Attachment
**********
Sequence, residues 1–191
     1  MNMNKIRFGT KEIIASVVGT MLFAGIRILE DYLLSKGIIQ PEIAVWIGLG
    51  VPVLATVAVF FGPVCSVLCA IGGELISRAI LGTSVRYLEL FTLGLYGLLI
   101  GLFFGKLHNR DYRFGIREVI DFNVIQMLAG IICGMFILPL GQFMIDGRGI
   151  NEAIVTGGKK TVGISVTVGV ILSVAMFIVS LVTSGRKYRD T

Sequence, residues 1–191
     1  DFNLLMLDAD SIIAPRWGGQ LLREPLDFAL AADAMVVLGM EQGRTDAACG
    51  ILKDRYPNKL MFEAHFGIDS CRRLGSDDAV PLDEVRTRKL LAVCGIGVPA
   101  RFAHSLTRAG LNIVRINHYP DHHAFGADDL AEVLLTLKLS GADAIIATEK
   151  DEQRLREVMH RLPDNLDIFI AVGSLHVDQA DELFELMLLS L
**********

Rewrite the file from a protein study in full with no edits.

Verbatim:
Sequence, residues 1–191
     1  MNMNKIRFGT KEIIASVVGT MLFAGIRILE DYLLSKGIIQ PEIAVWIGLG
    51  VPVLATVAVF FGPVCSVLCA IGGELISRAI LGTSVRYLEL FTLGLYGLLI
   101  GLFFGKLHNR DYRFGIREVI DFNVIQMLAG IICGMFILPL GQFMIDGRGI
   151  NEAIVTGGKK TVGISVTVGV ILSVAMFIVS LVTSGRKYRD T

Sequence, residues 1–191
     1  DFNLLMLDAD SIIAPRWGGQ LLREPLDFAL AADAMVVLGM EQGRTDAACG
    51  ILKDRYPNKL MFEAHFGIDS CRRLGSDDAV PLDEVRTRKL LAVCGIGVPA
   101  RFAHSLTRAG LNIVRINHYP DHHAFGADDL AEVLLTLKLS GADAIIATEK
   151  DEQRLREVMH RLPDNLDIFI AVGSLHVDQA DELFELMLLS L